FRIDAY, July 23 (HealthDay News) -- As the nation prepares to mark the 20th anniversary of the Americans with Disabilities Act on Monday, a new survey finds that the law has not made meaningful progress in improving the quality of life for people with disabilities.
Many social and economic gaps still exist between the 54 million Americans with disabilities and those without, according to a survey conducted by the Kessler Foundation/National Organization on Disability. The report found that the disabled still lag in key areas such as employment, access to health care and socializing.
The survey shows that more must be done to help people with disabilities get ahead, said Carol Glazer, president of the National Organization on Disability. "While education has improved considerably, joblessness has not. We as a nation must figure this out," she said.
Some key findings from the survey:
Meanwhile, a different survey looking at the impact of the law on the disabled community came to a more positive conclusion. This online survey, released Friday and created by Lex Frieden, one of the crafters of the original law who is now a professor of biomedical informatics with the University of Texas Health Science Center in Houston, found that two-thirds of people with disabilities feel the law has been the most significant influence on their lives in the past two decades. The respondents added that the greatest improvements have come in areas that include access for the disabled to public places, transportation and public awareness.
Signed into law in 1990, the Americans with Disabilities Act protects people with physical or mental disabilities from discrimination. A disability is defined as any condition that impairs one or more major life activities, and the law was expanded in 2008 to include chronic health conditions such as diabetes, epilepsy and cancer.
Glazer said programs like Social Security, which pays cash and health benefits to people with disabilities who cannot work and earn less than $1,000 a month, discourages the disabled from re-entering the workforce. "We have to fix this system so people with disabilities can go back to work, whether it's temporary, part-time or full-time, without fear of immediately losing their safety net."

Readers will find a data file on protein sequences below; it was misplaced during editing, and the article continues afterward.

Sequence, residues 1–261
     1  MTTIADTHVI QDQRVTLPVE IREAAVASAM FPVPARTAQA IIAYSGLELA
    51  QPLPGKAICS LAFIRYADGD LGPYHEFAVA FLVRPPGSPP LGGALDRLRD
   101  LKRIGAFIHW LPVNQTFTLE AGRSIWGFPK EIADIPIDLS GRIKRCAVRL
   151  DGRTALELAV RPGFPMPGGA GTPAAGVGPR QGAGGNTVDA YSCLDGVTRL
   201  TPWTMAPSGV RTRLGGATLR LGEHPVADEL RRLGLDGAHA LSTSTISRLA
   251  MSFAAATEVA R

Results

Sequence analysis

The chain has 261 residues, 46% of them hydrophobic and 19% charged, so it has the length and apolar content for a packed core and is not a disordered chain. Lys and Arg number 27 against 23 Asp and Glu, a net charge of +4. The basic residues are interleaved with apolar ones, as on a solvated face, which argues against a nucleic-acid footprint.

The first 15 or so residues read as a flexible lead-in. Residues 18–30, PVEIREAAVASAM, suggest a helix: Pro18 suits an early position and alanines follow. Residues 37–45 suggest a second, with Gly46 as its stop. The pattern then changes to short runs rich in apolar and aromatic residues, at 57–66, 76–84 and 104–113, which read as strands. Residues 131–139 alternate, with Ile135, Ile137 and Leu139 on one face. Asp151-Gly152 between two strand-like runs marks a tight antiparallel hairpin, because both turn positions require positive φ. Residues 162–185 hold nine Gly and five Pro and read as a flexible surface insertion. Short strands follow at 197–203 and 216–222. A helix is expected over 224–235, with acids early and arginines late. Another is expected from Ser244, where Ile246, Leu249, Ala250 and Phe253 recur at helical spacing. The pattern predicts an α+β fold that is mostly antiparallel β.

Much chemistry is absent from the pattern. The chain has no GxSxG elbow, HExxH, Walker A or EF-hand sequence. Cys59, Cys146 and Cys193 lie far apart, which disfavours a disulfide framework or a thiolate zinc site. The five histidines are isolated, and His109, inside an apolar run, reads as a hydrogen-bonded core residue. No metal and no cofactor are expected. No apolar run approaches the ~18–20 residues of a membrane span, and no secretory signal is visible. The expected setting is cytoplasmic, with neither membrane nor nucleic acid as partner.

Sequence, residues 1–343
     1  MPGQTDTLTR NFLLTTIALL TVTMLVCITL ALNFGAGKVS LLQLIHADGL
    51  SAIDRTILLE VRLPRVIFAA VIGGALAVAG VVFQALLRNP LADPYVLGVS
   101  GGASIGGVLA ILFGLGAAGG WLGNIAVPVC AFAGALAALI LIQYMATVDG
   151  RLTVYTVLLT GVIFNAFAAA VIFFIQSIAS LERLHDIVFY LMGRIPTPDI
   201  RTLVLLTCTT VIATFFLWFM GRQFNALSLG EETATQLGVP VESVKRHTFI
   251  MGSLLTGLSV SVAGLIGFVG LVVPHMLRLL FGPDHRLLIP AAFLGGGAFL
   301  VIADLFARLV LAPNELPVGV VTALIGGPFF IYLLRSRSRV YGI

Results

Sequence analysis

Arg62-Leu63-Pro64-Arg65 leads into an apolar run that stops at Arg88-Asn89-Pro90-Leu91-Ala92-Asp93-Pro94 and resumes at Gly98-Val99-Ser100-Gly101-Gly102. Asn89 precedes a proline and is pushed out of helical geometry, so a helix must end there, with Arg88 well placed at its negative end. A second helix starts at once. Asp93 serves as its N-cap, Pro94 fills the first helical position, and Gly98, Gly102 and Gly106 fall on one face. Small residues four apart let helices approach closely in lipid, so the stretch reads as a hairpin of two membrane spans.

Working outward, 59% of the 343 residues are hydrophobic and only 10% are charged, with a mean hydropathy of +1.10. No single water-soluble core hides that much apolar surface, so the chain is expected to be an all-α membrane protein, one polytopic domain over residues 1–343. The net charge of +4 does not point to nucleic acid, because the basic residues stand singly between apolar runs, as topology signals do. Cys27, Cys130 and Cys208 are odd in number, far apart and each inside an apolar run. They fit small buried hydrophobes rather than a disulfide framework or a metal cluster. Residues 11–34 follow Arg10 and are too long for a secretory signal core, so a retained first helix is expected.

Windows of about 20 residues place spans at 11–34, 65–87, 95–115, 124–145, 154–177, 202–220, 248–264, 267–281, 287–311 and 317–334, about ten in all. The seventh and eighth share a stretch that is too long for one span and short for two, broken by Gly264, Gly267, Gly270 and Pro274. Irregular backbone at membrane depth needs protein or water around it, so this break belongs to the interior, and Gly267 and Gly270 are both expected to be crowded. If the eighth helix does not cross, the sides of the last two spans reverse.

One bright spot in the survey is political participation, where the gap appeared to close completely in the 2008 Presidential election season. In the survey, 59 percent of both disabled and non-disabled people say they voted. In other election years, such as 1996 and 2000, the gap was higher.
President Obama included a disability platform in his campaign, which likely influenced voting rates, Glazer noted. Obama's initiatives include health reform, which will give the disabled better access to affordable health care, adding more workers with disabilities to the federal government workforce, and extending tax credits to businesses that do the same.
Even with this push from Washington, D.C., the majority of those in the disability community isn't convinced that the ADA has had an impact. In the survey, 61 percent said the law has not made a difference in their lives. Another 23 percent said the ADA has made a positive impact, and 4 percent said it has made their lives worse.
"I do not think the ADA has helped all that much," said Michael Saggese, 32, an account executive at TecAccess, a Rockville, Va.-based information technology firm. Saggese has limited movement in his body and uses a wheelchair as the result of a traumatic brain injury he sustained in a car accident. He said he had difficulty finding a job after college, and landed his current role through a counselor at the Virginia Department of Rehabilitative Services, who helped him network with TecAccess.
Though the survey included participants of all ages, the younger generation -- particularly those who grew up with the ADA -- is more likely to embrace it, says Rodger DeRose, president and CEO of Kessler Foundation, a nonprofit that funds rehabilitation research and employment programs. "Acceptance of people with disabilities is far greater today. Younger people have adapted to the social changes brought about by the ADA that an older generation has had difficulty with."
For Eric Wright, 25, the ADA has been a factor for almost his entire life. He was born with cerebral palsy and uses a wheelchair to get to his job at the Internal Revenue Service in Washington, D.C., where he helps the agency comply with federal requirements for making the agency's electronic and information technology accessible to the disabled.
Wright participated in individual education plans (IEPs) throughout grade school, and in college he used a note taker in classes and was given extra time on tests because it took him longer to type. "There was never a point in my life where, if you saw me outside my home, that you wouldn't know I had a disability," Wright said. "But, thanks to the ADA, the people around me -- including my family, teachers and employers -- knew that I shouldn't be excluded from a normal life."
Disability activists are hoping to use the anniversary to encourage more collaboration between business, government and nonprofits, with a goal of bringing more education and job opportunities to the disability community. "As these two areas improve, other quality-of-life indicators are sure to follow," Glazer said.
The U.S. Department of Justice has more on the Americans with Disabilities Act.
SOURCES: Carol Glazer, president, National Organization on Disability; Rodger DeRose, president and CEO, Kessler Foundation; Michael Saggese, account executive, TecAccess, Rockville, Va.; Eric Wright, Internal Revenue Service, Washington, D.C.
All rights reserved